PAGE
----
2017's deadliest earthquake (so far) struck Iran at 9:18pm local time on November 12th. As of this writing, 530 people have died in Iran, with a further 10 confirmed dead in Iraq. Almost 8,000 Iranians and over 400 Iraqis are injured, and almost a hundred thousand people have been left homeless. Those numbers will undoubtedly climb. Victims desperately need aid, and you can find many ways to help them here.

When Plates Collide

Unlike the Mexico and Chile quakes we've discussed recently, the Iran-Iraq Earthquake wasn't caused by subduction. Here in the Zagros Mountains, two continental plates are colliding. When masses of continental crust meet, neither is eager to dive beneath the other: there's generally nowhere to go but up. These mountains along the border of Iran and Iraq, marching through southeastern Turkey and terminating near the Strait of Hormuz, testify to profound changes in the earth's crust. What used to be a basin full of sedimentary rocks has been buckled and thrust skyward into the largest mountain range in the region. You can get a sense of the scale from this photo taken from the International Space Station. The photo below shows you these mountains up close: steep flanks rising almost vertically into the sky, a classic fold-and-thrust belt.

Image shows a low set of rolling hills in the foreground, topped with bright green grasses and darker green, short, bushy trees. Beyond the hills, a solid block of tan rock mountains rises, its flanks cut by seasonal streams. The top is nearly flat, with just a few subtle, low peaks.
Zagros Mountains. Credit: Farid Atar (CC BY 3.0)

The Zagros Mountains have been growing for the last twenty million or so years. They are made from earthquakes: they are born from a maze of thrust, normal, and reverse faults. Sedimentary rocks, crumpling as the Arabian plate moves inexorably north against the Eurasian plate at a rate of about 26 millimeters (one inch) per year. This may not sound like much, but it's actually fairly vigorous by geologic standards. And it's not all smooth, constant motion. The stresses that build up are released, sometimes catastrophically, in earthquakes that cause sudden devastation to the people who make these mountains home.

A Regional Event

Diagrams and pinpoints on maps make us think of earthquakes as discrete entities, happening on a slender line in a constrained place. It's hard to envision what they actually are, but let's try to grasp the scale of the thing.

The Iran-Iraq earthquake was a magnitude 7.3 event. That's a phenomenal release of energy - it would take 1,344,028 tons of TNT to match it. The USGS states that quakes of this type and magnitude are about 65 kilometers long by 25 kilometers wide (40 miles by 15.5 miles for us heathens still on the imperial units). That's the actual earthquake, mind you: the area shaken by it is enormous. This one was felt all the way to the Mediterranean.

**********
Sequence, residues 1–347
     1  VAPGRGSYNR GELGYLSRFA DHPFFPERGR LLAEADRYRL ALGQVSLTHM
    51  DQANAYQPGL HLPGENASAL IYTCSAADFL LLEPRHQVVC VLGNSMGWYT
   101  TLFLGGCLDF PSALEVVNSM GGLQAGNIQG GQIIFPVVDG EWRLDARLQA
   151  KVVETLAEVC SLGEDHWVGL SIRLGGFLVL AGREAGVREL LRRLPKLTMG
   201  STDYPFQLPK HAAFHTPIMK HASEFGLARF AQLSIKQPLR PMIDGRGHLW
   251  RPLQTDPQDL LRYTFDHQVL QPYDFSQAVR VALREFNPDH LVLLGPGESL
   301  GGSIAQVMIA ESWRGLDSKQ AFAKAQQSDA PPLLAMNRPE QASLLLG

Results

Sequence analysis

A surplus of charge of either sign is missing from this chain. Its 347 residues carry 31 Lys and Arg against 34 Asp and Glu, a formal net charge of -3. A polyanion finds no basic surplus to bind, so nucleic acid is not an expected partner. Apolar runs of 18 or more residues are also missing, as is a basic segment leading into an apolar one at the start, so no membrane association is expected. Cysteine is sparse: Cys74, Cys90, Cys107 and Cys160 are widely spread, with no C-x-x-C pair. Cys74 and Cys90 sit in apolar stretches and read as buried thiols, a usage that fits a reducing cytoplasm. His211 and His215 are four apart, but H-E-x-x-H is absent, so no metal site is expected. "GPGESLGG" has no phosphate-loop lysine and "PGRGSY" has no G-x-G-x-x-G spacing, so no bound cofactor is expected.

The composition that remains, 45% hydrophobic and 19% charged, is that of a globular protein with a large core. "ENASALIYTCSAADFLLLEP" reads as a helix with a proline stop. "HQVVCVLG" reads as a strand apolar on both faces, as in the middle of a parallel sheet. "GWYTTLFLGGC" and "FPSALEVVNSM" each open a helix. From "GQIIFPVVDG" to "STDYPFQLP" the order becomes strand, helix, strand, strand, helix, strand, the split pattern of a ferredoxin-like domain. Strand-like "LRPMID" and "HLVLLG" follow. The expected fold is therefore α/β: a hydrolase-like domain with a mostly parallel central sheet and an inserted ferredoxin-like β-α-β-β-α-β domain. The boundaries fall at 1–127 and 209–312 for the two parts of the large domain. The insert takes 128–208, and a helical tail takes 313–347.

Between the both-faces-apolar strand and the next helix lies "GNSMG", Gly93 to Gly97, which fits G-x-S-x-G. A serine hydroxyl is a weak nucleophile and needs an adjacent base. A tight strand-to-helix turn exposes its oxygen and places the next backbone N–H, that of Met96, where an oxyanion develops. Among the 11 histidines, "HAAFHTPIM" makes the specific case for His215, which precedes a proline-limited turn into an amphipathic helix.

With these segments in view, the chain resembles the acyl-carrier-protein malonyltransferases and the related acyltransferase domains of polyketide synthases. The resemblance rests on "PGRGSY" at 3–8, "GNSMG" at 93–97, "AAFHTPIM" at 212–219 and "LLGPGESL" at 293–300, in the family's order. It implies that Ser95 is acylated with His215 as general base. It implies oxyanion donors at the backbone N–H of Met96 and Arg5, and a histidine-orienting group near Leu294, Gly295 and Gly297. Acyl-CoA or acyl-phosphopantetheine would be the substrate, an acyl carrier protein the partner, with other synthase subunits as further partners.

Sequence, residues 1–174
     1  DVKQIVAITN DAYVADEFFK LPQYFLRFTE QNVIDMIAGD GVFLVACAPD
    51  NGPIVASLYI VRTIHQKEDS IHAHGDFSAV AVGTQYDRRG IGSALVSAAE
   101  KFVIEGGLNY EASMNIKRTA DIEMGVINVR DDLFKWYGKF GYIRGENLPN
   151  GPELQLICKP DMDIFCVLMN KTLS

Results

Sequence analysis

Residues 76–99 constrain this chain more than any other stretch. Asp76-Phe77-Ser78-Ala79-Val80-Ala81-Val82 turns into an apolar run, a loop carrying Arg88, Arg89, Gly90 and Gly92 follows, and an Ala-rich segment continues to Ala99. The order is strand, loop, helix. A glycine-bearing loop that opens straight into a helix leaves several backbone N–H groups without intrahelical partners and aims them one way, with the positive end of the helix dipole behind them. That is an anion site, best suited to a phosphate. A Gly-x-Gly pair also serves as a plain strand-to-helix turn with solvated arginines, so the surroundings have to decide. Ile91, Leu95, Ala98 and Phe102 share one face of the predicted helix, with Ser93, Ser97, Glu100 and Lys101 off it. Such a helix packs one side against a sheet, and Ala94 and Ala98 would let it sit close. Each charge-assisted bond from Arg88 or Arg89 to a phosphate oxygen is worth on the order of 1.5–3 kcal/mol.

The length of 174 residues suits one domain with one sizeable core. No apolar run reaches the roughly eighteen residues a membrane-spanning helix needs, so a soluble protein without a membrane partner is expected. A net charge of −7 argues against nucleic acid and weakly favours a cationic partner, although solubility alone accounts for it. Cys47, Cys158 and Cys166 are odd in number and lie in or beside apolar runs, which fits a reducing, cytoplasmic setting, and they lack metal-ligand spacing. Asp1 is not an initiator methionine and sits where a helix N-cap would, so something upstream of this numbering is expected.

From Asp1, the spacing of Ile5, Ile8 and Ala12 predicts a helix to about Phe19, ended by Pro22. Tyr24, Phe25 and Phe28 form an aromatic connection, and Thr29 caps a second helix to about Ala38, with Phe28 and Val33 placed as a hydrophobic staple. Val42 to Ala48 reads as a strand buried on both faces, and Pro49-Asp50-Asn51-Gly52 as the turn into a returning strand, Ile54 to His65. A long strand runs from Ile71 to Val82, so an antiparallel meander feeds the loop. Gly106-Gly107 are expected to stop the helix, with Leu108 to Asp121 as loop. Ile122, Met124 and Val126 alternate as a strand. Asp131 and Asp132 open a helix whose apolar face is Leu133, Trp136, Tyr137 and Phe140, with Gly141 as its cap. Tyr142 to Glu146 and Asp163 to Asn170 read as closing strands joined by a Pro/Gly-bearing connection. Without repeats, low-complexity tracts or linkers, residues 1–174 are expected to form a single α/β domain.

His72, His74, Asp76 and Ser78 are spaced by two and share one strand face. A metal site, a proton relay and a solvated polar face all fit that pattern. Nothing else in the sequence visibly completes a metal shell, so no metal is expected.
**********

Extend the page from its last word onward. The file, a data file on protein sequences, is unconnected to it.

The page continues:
Image shows a relief map of the region, with an angry red blotch where the quake took place. Yellow radiates out from it, shading a wide strip of land.
Shake map of the Iran-Iraq quake. Credit: USGS

This is considered a shallow earthquake: it happened about 25 kilometers down. And it's an interesting type of faulting: an oblique-thrust, which is something of a hybrid between a strike-slip and a thrust fault. It went a bit vertical, and a bit sideways, all at once.

Why So Destructive?

Iran, like many countries, doesn't have the regulations and enforcement it needs to earthquake-proof its buildings. Homes, commercial buildings, and infrastructure are often poorly-constructed with materials that aren't designed to resist the terrific power of sudden earth movements. And in the Kurdish mountains where the quake struck, many homes are built of mud brick: a cheap, easy, adequate material that works very well up until the hard shaking starts.

Because of the mountainous terrain, the earthquake and its aftershocks have set off landslides, secondary disasters that make getting rescue and aid to affected areas more difficult.

Will there be larger earthquakes?

It's possible, but they're not likely to be too much bigger. The type of faults in this area of Iran may only be capable of events up to this magnitude. That is probably cold comfort to the people suffering there, but if you compare and contrast subduction zone quakes like Mexico's Chiapas earthquake (M8.2) with this one, you can see the staggering difference in energy: Chiapas was over twenty-two times as strong.

This isn't the last we'll hear of earthquakes from Iran. Most of the country is prone to them, and the capitol city, Tehran, is in such a dangerous area that there's been frequent talk of moving the capitol somewhere safer. Keep your compassion flowing. The citizens of Iran need all they can get.


*Edited to correct the TNT tonnage.